• DnsIps – Up to 3 IP addresses for your DNS servers.

  • DomainName – The fully qualified domain name of the self-managed AD directory.

  • FileSystemAdministratorsGroup – The name of the domain group whose members have administrative privileges on your SVM.

  • Credentials – The user name and password for a service account in your self-managed AD domain that Amazon FSx uses to join to your AD domain.

Keeping your AD configuration updated in Amazon FSx

To help ensure continued, uninterrupted availability of your Amazon FSx file system, update your SVM's self-managed Active Directory (AD) configuration any time that you make changes to your self-managed AD setup.

For example, suppose that your AD uses a time-based password reset policy. In this case, as soon as the password is reset, make sure to update the service account password with Amazon FSx. To do this, use the Amazon FSx console, API, or AWS CLI. Similarly, if the DNS server IP addresses change for your AD domain, as soon as the change occurs update the DNS server IP addresses with Amazon FSx. Again, do this using the Amazon FSx console, API, or CLI.

For more information, see Managing FSx for ONTAP storage virtual machines.

Accessing data stored on Amazon FSx for NetApp ONTAP file systems

You can access the data on your FSx for ONTAP file systems using Amazon Elastic Compute Cloud (Amazon EC2), Amazon Elastic Container Service (Amazon ECS), Amazon Elastic Kubernetes Service (Amazon EKS), Amazon WorkSpaces, Amazon AppStream 2.0, VMware Cloud on AWS, and on-premises clients.

You can access an ONTAP volume from multiple Linux, Windows, or macOS clients simultaneously over the NFS (v3, v4, v4.1, v4.2) and SMB protocols. You can also use the iSCSI protocol to access iSCSI LUNs. For more information, see Accessing data: supported clients and environments.

Amazon FSx for NetApp ONTAP file systems can be accessed from on-premises using AWS VPN or AWS Direct Connect with AWS Transit Gateway (TGW). You can also use TGW or VPC Peering to access clusters from another VPC (including a VPC in another AWS Region). For more information, see Supported access environments.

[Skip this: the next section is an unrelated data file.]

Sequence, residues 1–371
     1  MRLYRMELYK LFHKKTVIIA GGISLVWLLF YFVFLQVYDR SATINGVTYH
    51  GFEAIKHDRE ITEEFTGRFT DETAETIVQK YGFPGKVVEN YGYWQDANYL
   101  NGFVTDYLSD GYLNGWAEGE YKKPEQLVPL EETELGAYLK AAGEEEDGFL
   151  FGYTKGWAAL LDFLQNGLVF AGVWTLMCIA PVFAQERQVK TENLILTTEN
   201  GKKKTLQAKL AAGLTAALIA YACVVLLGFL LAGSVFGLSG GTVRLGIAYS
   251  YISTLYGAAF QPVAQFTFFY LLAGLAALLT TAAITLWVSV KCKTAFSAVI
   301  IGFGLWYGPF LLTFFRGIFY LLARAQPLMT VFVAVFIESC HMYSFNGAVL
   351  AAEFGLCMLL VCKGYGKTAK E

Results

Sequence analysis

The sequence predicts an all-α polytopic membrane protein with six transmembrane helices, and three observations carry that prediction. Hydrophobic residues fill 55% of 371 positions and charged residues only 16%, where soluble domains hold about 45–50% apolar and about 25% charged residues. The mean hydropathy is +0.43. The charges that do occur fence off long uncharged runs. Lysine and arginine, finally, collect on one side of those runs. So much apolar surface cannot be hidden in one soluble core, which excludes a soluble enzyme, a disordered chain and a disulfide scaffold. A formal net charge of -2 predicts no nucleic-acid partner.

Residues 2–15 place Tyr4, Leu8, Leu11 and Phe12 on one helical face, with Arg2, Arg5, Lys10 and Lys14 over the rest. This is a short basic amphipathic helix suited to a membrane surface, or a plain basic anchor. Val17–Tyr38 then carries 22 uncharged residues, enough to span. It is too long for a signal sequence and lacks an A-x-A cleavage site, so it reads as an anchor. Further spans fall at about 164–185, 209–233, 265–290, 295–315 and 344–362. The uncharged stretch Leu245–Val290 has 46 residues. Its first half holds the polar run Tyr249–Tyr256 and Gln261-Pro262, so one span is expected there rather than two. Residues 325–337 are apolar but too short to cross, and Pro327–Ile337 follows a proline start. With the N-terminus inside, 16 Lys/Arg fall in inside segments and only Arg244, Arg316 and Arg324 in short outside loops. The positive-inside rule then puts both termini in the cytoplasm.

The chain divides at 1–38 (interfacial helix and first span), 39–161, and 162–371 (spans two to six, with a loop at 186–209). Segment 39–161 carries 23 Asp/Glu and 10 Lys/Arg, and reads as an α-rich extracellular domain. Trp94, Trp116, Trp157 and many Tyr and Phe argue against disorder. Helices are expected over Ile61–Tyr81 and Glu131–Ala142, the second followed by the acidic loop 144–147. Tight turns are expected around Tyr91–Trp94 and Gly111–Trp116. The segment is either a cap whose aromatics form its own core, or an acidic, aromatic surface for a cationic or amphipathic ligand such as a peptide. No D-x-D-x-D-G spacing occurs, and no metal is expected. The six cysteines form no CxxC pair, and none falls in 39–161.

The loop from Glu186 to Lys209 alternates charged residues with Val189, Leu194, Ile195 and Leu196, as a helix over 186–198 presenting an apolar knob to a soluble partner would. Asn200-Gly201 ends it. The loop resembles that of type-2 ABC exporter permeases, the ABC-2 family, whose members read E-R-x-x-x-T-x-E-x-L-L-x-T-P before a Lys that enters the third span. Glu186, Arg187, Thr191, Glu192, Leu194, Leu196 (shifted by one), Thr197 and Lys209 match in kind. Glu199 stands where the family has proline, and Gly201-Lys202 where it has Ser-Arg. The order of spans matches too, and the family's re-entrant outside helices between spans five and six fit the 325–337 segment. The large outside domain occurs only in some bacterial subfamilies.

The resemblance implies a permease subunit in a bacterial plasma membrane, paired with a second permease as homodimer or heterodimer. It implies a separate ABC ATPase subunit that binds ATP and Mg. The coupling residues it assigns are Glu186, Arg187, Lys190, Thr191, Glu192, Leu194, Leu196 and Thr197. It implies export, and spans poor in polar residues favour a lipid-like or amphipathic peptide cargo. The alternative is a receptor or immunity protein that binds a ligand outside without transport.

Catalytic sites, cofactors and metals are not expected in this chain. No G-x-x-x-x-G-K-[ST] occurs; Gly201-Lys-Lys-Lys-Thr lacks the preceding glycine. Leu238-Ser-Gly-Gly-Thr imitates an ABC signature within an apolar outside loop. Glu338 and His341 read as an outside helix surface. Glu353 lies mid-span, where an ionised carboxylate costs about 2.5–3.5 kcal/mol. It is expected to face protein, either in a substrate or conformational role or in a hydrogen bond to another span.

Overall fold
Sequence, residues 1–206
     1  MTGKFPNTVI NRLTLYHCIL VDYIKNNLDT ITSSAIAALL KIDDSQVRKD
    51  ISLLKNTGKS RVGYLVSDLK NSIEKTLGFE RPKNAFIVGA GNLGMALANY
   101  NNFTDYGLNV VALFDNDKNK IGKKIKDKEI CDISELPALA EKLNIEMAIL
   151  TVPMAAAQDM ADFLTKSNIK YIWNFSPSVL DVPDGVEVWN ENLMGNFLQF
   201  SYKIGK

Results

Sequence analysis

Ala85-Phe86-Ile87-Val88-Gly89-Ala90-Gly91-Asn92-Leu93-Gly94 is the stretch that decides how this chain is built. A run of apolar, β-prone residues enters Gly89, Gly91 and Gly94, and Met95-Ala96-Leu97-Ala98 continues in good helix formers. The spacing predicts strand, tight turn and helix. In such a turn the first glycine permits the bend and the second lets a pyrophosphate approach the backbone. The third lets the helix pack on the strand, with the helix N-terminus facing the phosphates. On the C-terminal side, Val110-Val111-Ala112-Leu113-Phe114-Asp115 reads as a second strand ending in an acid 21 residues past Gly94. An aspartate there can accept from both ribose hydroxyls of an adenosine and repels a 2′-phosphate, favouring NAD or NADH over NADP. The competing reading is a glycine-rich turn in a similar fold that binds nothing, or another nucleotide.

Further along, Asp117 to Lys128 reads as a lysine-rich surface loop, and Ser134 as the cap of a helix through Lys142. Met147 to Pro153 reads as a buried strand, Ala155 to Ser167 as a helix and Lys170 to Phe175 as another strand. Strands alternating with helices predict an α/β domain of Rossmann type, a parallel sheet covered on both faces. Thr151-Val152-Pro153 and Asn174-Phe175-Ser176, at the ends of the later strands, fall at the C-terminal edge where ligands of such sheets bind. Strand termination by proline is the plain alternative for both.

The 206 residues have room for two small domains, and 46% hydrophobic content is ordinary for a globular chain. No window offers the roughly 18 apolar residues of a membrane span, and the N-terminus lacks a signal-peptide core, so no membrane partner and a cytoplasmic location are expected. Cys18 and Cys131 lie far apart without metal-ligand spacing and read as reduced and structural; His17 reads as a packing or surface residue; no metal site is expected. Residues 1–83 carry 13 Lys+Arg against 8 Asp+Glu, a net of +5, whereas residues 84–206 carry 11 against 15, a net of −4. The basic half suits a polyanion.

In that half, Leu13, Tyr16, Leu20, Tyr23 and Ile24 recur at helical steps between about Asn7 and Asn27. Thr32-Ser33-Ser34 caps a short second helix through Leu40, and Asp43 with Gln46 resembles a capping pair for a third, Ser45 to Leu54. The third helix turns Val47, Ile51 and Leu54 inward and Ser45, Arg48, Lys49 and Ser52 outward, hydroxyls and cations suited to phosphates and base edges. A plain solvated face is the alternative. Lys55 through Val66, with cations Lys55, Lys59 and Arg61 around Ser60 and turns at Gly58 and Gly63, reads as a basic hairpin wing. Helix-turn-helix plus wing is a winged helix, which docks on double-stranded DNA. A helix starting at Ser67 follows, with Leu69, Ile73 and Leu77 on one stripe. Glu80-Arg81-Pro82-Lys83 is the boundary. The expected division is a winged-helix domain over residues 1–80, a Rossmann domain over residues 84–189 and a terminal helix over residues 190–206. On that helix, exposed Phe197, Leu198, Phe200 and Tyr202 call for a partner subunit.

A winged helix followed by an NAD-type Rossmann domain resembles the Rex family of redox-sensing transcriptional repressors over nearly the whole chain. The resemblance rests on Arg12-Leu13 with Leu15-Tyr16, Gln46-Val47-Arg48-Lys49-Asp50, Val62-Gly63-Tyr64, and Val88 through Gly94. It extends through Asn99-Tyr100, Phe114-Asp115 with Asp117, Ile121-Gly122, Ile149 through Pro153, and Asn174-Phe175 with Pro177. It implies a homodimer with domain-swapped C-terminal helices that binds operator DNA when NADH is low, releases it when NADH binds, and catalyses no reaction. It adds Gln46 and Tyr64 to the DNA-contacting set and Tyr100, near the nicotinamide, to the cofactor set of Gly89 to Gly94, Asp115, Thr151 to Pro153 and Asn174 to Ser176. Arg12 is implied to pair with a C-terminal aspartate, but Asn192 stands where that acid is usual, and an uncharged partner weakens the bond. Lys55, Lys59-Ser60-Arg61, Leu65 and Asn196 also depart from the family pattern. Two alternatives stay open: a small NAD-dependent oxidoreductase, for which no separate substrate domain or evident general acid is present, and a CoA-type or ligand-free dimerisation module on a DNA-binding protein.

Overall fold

How to work with Amazon FSx for NetApp ONTAP

There are several ways that you can interact with FSx for ONTAP. You can manage your Amazon FSx for NetApp ONTAP file systems using the following AWS and NetApp management applications and tools:

  • AWS management tools:

    • The AWS Management Console

    • The AWS Command Line Interface (AWS CLI)

    • The Amazon FSx APIs and SDKs

  • NetApp management tools:

    • NetApp CloudManager

    • The NetApp ONTAP CLI

    • The NetApp ONTAP REST API

AWS Management Console

The AWS Management Console is a simple web-based user interface. You can manage your Amazon FSx file systems from the console with no programming required. To access the Amazon FSx console, sign in to the AWS Management Console, and then open the Amazon FSx console at https://console.aws.amazon.com/fsx/.

Amazon FSx command line interface (CLI)

You can use the AWS CLI to access the Amazon FSx API interactively. To install the AWS CLI, see Installing, updating and uninstalling the AWS CLI. To begin using the AWS CLI for Amazon FSx, see AWS Command Line Interface reference for Amazon FSx.

Amazon FSx application programming interface (API)

If you're a developer, you use the Amazon FSx API actions and data types to programmatically configure and manage Amazon FSx and its resources. You can also use the API in one of the language-specific AWS software development kits (SDKs). For more information, see the Amazon FSx API reference.

For application development, we recommend that you use one of the AWS SDKs. The AWS SDKs handle low-level details such as authentication, retry logic, and error handling, so that you can focus on your application logic. The AWS SDKs are available for a wide variety of languages. For more information, see Tools to Build on AWS.

AWS also provides libraries, sample code, tutorials, and other resources to help you get started more easily. For more information, see the AWS Developer Center.

NetApp Cloud Manager

NetApp Cloud Manager provides a centralized user interface to manage, monitor, and automate ONTAP deployments in AWS and on premises. For more information, see Managing FSx for ONTAP resources using NetApp applications.

NetApp ONTAP CLI

You can use the NetApp ONTAP CLI to manage your Amazon FSx for NetApp ONTAP file systems. The ONTAP CLI provides a command-based view of the ONTAP management interface. You enter commands at the cluster management endpoint as the fsxadmin user, or at the SVM management endpoint as the vsadmin user. For more information, see Managing FSx for ONTAP resources using NetApp applications.

NetApp ONTAP REST API

You can use the NetApp ONTAP REST API to manage your Amazon FSx for NetApp ONTAP file systems. You can access the ONTAP REST API using your file system's management endpoint, or using the management endpoint associated with any SVM. For more information, see Managing FSx for ONTAP resources using NetApp applications.